Probation Condition Authorizing Warrantless Searches Upheld
“Defendant is subject to a warrantless search condition, as to defendant’s person, property, premises and vehicle, anytime of the day or night, with or without probable cause, by any peace, parole or probation officer.”Such terms are regularly stated in Los Angeles, Orange, Riverside, San Bernardino and Ventura County. They are generally understood to be a waiver of defendant’s Fourth Amendment rights. However, clients often ask rhetorically, “Well, does this mean police can just pull me over in my car or barge into my house just because they feel like it and search my car or house or me?”
The question is difficult to answer because, practically speaking, we all intuitively trust that police must still have some minimum respect for one’s personal expectation of privacy or that there is some threshold of suspicion before a police officer conducts a search. After all, otherwise officers would be free to conduct racial profiling, random searches at will and our country would resemble a third-world country for probationers and parolees.Without All the Details, What Happened?: Standard probation conditions authorizing police to conduct warrantless searches, upheld on appeal when police find felon on probation with shotgun.
Mr. King was on probation out of the City and County of San Francisco. A term of his probation read exactly according to the quoted section above. After King had been on probation for some time, officers of the San Francisco police department identified Mr. King as a suspect in a homicide. When they investigated his criminal history, they discovered that he was on felony probation. The officers then went to King’s home and found an unloaded shotgun under his bed. He was immediately arrested
Federal prosecutors then charged King with being a felon in possession of a firearm, in violation of 18 U.S.C. § 922(g). Once in court, King filed a motion to suppress the introduction of evidence of the shotgun, arguing that it was the fruit on an illegal search. King acknowledged that although he was on probation, he argued that officers could not search his home without reasonable suspicion.
The trial court denied King’s motion to suppress and King appealed to the Ninth Circuit Court of Appeals. In an interesting opinion, the Ninth Circuit Court of Appeals concluded that police lacked a reasonable suspicion that King was engaged in criminal activity. However, the court held that such a search did not violate the Fourth Amendment. United States v. King (9th Cir., 2012) 672 F.3d 1133, 1139. The appeals court then reheard the case and remanded the case to the Ninth Circuit Court of Appeals.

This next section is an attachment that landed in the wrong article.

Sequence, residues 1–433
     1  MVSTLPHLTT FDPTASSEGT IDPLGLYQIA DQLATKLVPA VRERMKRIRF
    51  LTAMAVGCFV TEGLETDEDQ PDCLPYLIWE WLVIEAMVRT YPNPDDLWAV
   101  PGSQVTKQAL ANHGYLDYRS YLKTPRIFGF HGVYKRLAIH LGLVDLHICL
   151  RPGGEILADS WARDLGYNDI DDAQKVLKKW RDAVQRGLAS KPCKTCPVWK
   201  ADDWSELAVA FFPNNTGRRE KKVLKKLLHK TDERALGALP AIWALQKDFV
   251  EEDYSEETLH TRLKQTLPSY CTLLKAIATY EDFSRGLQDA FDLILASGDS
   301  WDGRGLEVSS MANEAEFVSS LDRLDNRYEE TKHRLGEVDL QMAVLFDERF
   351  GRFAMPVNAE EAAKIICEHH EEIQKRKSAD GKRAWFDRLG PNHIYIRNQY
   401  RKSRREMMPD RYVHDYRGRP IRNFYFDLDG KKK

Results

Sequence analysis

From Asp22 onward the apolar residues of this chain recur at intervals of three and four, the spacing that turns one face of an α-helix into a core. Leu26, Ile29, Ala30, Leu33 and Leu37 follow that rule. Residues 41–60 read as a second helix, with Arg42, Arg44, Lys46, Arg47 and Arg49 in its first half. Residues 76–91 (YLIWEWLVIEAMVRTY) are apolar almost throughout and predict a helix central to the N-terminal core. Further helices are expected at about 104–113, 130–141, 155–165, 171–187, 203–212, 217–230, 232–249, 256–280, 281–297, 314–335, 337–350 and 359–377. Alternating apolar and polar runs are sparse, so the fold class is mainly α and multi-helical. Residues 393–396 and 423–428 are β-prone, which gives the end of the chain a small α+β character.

“Whether the probation condition so dismissed, or completely eliminated [Smith’s] reasonable expectation of privacy that a search by a law enforcement officer without any individualized suspicion would have satisfied the reasonableness requirement of the Fourth Amendment.”Turning to the relevant case law that has considered similar facts and the same issue, the Ninth Circuit noted that courts had to decide the issue by balancing the defendant’s privacy interests against the government interests. The court then stated that it must consider the totality of the circumstances to decide if the search was unconstitutional.
In King’s case, the Ninth Circuit noted that King’s status as a probationer necessarily came with a lower expectation of privacy than a citizen who is not on probation. The Ninth Circuit cited to United States v. Knights, a 2001 opinion from the U.S. Supreme Court, that all probationers have a “significantly diminished” expectation of privacy. Turning then to the search of King’s bedroom, the court found the intrusion “slight.”
In balancing the government’s interest in conducting such a search, the court found the interest high. It did have an interest in apprehending violators of the law to protect potential victims. The court further noted that the U.S. Supreme Court appreciated that “[t]he recidivism rate of probationers is significantly higher than the general crime rate.” Griffin v. Wisconsin (1987) 483 U.S. 868, 880. In addition, the government’s search was justified because it led to the discovery of evidence and prevented the destruction of evidence.
The court therefore concluded that the government’s interest in the search out weighed King’s personal expectation of privacy, so there was no Fourth Amendment violation.
We see this case as quite significant because it seems to erase a probationer’s right to any privacy if police identify a probationer as a suspect in any relatively serious crime.
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